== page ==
Blog, Summer Food

Purin プリン A taste of nostalgia with Japanese summer desserts

Easy to make vegan Purin is the perfect comforting  teatime snack that’s loved by both adults and children. Silky, creamy and smooth this chilled dessert is normally made with eggs, milk and sugar and the no bake style like this one is set with gelatine. Today I will show you how to make this delicious vegan pudding with just a few simple ingredients.

( I used a filter on some of the photos to give them a retro vibe )

The quantities makes one pudding : double up as needed.

x1 cup of good quality soymilk (add to a pan) with x2 tablespoons of maple syrup, x1 teaspoon of vanilla essence, x1 teaspoon of coconut palm sugar and a pinch of turmeric for colour. (Mix to combine). Then sprinkle over x1 teaspoon per cup of liquid of agar agar powder. Mix and turn on the heat. Heat up stirring occasionally until you see bubbles forming at the edges ( you don’t want to boil the soy-milk ). Take off the heat and let cool a little then pour into your mould. Leave in the fridge to set. To make your caramel sauce you can use coconut palm sugar with a little water and heat until the sugar thickens. I used some lovely Okinawan sugar which is a brown sugar with a mild sweetness and salty bitter acid favours of liquorice and molasses ( molasses is something you could also use. ) You can buy this from the Wasabi Company.  Heat around 5-6 cubes of the sugar with water until bubbling then stir in a knob of vegan butter (this gives the caramel that real creamy caramel flavour) .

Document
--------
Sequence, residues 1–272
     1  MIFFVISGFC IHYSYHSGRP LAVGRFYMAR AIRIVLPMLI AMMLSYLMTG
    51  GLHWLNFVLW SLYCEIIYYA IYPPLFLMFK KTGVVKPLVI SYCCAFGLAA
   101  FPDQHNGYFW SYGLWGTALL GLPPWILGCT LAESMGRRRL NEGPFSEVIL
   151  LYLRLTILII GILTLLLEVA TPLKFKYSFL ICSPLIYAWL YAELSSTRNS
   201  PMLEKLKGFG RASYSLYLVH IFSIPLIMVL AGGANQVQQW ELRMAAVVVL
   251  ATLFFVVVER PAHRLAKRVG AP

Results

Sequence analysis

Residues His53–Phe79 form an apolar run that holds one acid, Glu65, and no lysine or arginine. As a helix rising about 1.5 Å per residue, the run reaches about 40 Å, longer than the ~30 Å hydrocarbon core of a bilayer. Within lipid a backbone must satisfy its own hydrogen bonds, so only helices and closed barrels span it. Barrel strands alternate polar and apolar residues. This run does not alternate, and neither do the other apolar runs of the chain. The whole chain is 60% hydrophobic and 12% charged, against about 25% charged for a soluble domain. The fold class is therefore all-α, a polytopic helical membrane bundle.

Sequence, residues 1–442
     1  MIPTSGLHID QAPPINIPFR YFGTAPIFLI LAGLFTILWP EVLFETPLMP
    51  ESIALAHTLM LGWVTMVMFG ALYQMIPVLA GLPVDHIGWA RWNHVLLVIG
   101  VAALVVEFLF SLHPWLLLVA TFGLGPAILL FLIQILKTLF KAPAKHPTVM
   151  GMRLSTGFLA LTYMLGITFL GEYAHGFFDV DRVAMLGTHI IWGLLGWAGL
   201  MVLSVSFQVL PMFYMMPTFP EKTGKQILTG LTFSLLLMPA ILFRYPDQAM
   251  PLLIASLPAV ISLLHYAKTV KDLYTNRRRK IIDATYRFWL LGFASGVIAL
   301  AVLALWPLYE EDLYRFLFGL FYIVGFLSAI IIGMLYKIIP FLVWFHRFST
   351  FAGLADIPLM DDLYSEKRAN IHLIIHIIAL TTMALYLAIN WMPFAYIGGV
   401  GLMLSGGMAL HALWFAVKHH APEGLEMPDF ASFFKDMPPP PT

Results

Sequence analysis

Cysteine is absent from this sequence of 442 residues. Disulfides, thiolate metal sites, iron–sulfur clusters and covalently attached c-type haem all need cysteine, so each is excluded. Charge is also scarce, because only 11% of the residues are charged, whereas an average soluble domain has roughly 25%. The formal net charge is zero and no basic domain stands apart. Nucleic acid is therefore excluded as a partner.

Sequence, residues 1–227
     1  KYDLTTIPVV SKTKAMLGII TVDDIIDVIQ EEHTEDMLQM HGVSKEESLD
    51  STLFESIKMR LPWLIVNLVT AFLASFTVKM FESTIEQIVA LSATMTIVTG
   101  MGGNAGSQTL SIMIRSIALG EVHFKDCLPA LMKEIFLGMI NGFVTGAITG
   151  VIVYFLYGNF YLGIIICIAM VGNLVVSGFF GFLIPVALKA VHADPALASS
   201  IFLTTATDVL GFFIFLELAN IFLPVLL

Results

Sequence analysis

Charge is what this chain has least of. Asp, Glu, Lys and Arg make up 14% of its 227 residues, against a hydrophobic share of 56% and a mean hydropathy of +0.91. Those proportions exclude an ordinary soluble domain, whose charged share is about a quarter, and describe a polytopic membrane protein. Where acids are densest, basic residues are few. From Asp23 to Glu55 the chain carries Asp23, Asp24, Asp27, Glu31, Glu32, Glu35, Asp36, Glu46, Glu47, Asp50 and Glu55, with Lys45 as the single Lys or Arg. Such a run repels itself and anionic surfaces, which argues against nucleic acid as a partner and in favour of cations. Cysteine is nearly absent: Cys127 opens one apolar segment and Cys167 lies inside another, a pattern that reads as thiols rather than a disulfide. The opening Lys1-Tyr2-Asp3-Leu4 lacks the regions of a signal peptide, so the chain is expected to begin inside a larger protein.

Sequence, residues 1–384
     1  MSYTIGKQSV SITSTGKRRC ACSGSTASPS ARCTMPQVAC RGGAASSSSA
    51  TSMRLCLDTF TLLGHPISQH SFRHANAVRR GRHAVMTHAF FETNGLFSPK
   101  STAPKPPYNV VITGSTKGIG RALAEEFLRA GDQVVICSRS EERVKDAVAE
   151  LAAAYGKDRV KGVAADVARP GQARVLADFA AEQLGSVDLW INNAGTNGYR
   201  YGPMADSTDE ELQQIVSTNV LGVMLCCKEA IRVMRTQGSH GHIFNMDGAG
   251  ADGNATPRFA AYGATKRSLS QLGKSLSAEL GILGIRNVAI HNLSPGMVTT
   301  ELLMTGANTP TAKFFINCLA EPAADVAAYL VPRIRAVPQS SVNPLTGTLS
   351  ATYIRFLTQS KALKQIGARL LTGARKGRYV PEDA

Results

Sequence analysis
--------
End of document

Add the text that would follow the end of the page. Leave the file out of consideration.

Leave to cool and add a little hot water if to thick. If you don’t want to do this you can just pour over simply some maple syrup to serve.
Take your purin out the fridge, turn it upside down onto your chosen plate or dish and gently squeeze it out your mould. Pour over your caramel sauce and top with some vegan whipped / aerosol cream and a cherry on top if you like .
Slip back in time with Japanese coffee shop summer desserts. Known as Kissaten, these retro cafes started around the Showa period (1926-1989) and are still around today with their retro vibe. Serving up Japanese comfort food like spaghetti, toast and sandwiches. In the summer you may see melon soda floats or coffee jelly with cream.

You can find my coffee jelly recipe on the recipe pages.

As we say a final farewell to summer here in the U.K. a cool wind is blowing today and although it stays a lot hotter later in Japan we can both feel the changing seasons. As I miss Japan so much at the moment not being able to travel I like to make comforting nostalgic Japanese meals. Why not put on some Lo-fi and let the music and food drift your mind off to a Kissaten in Japan.